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Vail Symposium celebrates 50 years of intellectual engagement in the valley

The Vail Symposium started as a once-yearly think tank in 1971 and has grown to provide weekly educational programs on a wide variety of topics.

The Vail Symposium began as an annual think tank to formulate goals and ideas for the future development of Vail Valley. Here, community members convene for the second Vail Symposium in 1972, titled “Agenda For Tomorrow - A New Growth Ethic”.
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Over the past 50 years, Vail has managed to transcend its image as a ski resort and become a destination that caters to a wide variety of interests and attracts a diverse group of people. This transformation is not one that many other mountain towns have undertaken, but the vision of Vail as more than a ski destination has been embedded in the town’s ethos since the very beginning.

In 1971, Town Manager Terry Minger started the Vail Symposium as an annual think tank that brought town founders, supporters and community members together to formulate goals and ideas for the future development of the valley. The very first Vail Symposium took place July 30-31, 1971, and was convened around the prescient topic, “The Role of the Mountain Community in a Rapidly Urbanizing America.”

Five decades later, the Vail Symposium remains an active nonprofit organization in the valley. What started as a once-yearly think tank has evolved into yearlong educational programming that aims to engage community members in intellectual discourse on a wide variety of subjects. The Symposium hosts a different event nearly every week of the year, bringing in experts from around the world to speak on cutting-edge topics in geopolitics, environmental science, consciousness, art, science, technology and much more.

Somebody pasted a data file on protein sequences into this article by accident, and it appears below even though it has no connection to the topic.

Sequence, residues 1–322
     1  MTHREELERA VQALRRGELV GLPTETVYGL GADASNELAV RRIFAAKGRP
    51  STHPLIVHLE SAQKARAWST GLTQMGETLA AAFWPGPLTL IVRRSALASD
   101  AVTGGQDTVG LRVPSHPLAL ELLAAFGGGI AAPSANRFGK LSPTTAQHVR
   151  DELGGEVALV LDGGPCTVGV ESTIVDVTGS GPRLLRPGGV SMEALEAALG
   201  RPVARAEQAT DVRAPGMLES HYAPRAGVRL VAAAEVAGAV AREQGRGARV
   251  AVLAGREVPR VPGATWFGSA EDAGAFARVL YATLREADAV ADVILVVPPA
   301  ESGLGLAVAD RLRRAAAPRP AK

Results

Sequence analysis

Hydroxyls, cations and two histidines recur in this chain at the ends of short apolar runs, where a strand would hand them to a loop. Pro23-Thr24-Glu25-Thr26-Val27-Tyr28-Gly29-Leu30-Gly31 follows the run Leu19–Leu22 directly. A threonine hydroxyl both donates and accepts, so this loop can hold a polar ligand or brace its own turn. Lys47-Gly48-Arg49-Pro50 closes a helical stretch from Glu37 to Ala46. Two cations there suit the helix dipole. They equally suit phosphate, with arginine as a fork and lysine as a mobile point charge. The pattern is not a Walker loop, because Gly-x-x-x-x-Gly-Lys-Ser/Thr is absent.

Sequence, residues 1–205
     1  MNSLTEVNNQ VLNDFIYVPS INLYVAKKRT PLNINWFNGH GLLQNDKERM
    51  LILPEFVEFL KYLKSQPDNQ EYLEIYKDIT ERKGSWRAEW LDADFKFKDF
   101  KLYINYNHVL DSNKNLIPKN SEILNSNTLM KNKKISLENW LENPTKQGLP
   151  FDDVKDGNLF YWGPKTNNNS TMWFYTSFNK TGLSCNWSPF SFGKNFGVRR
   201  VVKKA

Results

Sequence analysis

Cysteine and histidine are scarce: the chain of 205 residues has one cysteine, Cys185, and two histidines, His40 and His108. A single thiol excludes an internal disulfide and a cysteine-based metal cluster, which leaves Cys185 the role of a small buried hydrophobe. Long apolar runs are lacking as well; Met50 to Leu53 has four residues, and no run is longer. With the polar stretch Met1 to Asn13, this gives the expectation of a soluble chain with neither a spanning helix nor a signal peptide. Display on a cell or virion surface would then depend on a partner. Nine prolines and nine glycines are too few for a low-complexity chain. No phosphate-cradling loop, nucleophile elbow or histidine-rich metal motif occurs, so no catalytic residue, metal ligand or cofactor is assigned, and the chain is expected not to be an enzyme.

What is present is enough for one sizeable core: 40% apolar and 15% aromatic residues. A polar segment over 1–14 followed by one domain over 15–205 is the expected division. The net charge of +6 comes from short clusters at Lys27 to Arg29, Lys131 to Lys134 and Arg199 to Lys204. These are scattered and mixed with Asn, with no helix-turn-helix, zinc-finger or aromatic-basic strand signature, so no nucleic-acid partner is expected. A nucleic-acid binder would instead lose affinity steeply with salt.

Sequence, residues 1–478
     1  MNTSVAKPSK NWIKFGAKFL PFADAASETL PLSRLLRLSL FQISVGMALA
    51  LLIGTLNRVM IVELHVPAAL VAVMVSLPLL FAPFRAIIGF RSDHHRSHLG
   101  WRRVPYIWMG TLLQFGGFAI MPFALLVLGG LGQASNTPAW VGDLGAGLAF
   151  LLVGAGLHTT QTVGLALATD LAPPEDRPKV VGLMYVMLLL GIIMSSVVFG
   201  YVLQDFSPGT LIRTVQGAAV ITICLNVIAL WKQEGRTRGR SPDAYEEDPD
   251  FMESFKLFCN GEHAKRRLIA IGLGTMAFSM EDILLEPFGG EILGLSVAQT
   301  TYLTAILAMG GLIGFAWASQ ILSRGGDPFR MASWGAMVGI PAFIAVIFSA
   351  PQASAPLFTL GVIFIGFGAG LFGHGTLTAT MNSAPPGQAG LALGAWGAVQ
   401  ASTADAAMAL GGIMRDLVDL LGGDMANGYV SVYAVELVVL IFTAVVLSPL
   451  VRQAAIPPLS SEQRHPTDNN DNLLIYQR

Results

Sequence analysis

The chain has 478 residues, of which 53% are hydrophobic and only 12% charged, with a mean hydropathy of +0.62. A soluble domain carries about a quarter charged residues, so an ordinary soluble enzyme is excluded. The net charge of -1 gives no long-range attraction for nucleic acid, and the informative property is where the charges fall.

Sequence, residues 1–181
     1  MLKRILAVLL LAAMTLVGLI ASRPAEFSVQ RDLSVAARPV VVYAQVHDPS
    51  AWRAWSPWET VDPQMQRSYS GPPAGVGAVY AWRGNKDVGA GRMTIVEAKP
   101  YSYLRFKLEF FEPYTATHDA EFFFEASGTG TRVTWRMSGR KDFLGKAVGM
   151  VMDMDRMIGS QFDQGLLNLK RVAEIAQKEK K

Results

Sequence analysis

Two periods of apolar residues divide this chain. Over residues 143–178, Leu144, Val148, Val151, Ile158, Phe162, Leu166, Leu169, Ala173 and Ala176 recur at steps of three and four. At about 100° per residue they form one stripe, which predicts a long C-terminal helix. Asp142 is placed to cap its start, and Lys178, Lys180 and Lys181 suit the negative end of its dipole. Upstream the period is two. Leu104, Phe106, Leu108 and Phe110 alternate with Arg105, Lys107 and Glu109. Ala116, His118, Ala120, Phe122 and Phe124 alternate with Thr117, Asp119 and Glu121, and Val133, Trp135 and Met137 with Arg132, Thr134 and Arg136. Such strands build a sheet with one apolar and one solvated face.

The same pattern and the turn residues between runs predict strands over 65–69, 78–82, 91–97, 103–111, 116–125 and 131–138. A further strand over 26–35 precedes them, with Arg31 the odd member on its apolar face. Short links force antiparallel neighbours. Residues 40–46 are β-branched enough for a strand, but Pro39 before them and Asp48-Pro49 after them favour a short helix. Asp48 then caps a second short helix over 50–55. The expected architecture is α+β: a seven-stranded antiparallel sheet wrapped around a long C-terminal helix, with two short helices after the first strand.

Kris Sabel has been the executive director of the Vail Symposium since 2016. In celebration of the 50th anniversary of the first think tank, Sabel and his team have kicked off a yearlong celebration that will pay tribute to the history of the symposium at events throughout the year.

“They asked those important questions: how is Vail going to be more than just a ski town, how is it going to be more than Disneyland in the rockies?” Sabel said. “Out of that came the town of Vail’s first master plan, which turned into things like Ford Park, the bike system, the bus system, the Dobson arena, and all these elements that make our community unique.”

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Attendees at the second Vail Symposium convene to discuss the future of the town.
Special to the Daily

The Symposium also led to the formation of the Eagle Valley Forum, and was the platform from which President Gerald Ford made a major energy policy speech in 1976. Over the years, it has brought people at the forefront of politics, sport, science and beyond to speak in the valley.

“It’s really incredible to look back at the speakers that we’ve hosted — from Robert Redford to Tom Brokaw, Sir Edmund Hillary to Sir Ken Robinson, Alex Honnold and Tommy Caldwell to local athletes like Chris Anthony and Josiah Middaugh and so many others,” Sabel said. “It’s also interesting to see where our speaker alums end up. We’ve had speakers promoted to some of the highest echelons of government and raised on podiums for amazing physical feats. Our speakers truly represent a spectrum of excellence that is unparalleled for a community of our size.”

The 50th anniversary celebration began July 26 with a panel discussion featuring Pulitzer Prize-winning art critic Jerry Saltz and the founding members of the Summervail Art Workshop, who are also celebrating their 50th Anniversary this summer. Starting this week, the Vail Symposium’s summer programming will be offering a new event every week through mid-November, when they will take a short break before resuming their winter programming in December.